Verily, I say unto you,.... This was not all the punishment that should be inflicted on such despisers of the Gospel of Christ, and the ministers of it; as not to enjoy that peace and prosperity wished for by the apostles, and to be declared to be on an equal foot with Heathen cities and countries: but they were to suffer everlasting punishment in the world to come; which is here asserted by Christ in the strongest manner, saying:

it shall be more tolerable for the land of Sodom and Gomorrha, in the day of judgment, than for that city. The inhabitants of the land of Sodom and Gomorrha are the rather mentioned, because, as they were very notorious and abominable sinners, so their temporal punishment was well known, exemplary and awful, though not that, but their future damnation is here regarded, of which the Jews made no doubt; for they sayF25Misn. Sanhedrim, c. 11. sect. 3. Hieros. Sanhedrim, fol. 29. 3. ,

"the men of Sodom have no part in the world to come; as it is said, Genesis 13:13 "the men of Sodom were wicked, and sinners, before the Lord exceedingly": they were "wicked" in this world, and "sinners" in the world to come;'

meaning, that by this passage is designed their double punishment in this, and the other world. But though their punishment was very tremendous, and they will suffer also "the vengeance of eternal fire", as Jude says; yet, their punishment will be milder, and more tolerable, than that of the inhabitants of such a city, that rejects the Gospel of the grace of God: as there are degrees in sinning, for all sins are not alike, as the Stoics say; so there will be degrees in suffering; the sins of those that are favoured with the Gospel, are greater than those who only have had the light of nature, and so their torments will be greater. The inhabitants of Sodom and Gomorrha, though they sinned against the light of nature, despised the advice and admonitions of Lot, and ill treated the angels, yet will be more mildly punished than the wicked Jews, who rejected Christ, and his Gospel, and despised his apostles, and ministers; because they sinned not against so much light, and such means of grace, and knowledge, as these did; see Lamentations 4:6 which is thus paraphrased by the Targumist, and may be aptly applied to the Jews in Christ's time:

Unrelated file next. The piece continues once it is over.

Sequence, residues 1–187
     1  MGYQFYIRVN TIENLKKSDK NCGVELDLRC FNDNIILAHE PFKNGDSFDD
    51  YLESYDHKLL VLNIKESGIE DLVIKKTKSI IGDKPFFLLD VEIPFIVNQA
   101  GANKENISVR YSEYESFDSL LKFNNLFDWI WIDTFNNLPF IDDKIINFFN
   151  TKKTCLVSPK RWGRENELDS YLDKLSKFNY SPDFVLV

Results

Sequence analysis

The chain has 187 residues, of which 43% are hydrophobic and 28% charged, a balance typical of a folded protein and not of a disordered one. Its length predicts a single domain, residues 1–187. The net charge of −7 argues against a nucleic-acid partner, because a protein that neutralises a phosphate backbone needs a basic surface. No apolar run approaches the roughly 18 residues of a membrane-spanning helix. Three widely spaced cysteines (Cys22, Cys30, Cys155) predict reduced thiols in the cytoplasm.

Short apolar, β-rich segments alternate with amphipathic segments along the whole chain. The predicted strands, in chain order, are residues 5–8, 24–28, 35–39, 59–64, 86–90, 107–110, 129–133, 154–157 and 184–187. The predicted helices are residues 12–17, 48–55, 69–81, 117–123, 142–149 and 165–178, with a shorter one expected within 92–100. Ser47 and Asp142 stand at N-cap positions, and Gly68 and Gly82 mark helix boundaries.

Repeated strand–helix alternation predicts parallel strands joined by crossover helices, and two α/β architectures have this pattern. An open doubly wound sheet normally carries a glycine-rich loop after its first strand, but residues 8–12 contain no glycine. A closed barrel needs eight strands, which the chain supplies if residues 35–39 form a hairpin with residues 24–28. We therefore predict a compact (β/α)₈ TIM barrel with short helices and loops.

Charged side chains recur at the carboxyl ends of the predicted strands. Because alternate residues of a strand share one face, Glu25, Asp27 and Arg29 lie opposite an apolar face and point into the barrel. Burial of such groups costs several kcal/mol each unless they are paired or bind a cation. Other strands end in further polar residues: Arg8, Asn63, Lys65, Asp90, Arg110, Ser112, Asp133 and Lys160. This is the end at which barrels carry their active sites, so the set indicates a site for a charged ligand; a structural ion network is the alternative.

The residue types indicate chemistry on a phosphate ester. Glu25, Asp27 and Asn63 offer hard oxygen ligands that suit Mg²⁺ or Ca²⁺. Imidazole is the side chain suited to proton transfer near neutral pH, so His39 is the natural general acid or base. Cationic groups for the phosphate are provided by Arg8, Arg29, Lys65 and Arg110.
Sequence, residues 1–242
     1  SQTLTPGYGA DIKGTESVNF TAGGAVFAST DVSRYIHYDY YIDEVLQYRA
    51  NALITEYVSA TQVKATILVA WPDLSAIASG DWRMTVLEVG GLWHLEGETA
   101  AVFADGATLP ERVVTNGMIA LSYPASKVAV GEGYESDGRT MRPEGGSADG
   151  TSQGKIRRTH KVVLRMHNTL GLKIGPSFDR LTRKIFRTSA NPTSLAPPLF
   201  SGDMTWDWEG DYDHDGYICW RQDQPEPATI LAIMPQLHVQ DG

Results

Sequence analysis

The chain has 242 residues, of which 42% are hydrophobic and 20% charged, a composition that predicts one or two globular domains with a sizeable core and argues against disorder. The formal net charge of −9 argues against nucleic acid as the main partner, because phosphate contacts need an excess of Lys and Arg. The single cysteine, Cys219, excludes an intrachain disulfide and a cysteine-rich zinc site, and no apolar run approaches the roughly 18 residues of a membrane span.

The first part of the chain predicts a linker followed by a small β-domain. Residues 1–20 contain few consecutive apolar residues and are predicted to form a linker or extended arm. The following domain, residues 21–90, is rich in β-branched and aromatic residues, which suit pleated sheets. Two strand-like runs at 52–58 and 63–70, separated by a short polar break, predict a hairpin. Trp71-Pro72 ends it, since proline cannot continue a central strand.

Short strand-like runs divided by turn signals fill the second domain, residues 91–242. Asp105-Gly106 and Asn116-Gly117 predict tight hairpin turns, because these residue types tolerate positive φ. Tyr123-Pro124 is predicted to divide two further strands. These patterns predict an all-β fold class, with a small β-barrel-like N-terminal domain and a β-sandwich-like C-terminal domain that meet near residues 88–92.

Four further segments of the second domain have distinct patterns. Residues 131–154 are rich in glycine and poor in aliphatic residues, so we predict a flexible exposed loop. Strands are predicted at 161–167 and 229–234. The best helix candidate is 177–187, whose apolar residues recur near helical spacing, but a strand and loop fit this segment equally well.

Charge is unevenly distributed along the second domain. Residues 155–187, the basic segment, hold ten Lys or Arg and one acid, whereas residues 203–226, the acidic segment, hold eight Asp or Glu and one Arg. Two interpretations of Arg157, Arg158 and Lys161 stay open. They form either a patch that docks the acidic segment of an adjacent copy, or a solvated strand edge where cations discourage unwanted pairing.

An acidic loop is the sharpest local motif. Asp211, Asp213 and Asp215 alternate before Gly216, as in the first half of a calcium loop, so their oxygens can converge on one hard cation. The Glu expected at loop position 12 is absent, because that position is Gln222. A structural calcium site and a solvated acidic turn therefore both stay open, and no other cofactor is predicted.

"the sin of the congregation of my people is greater than the sin of Sodom, which was overturned in a moment; and there dwelt no prophets in it to prophesy, and turn it to repentance.'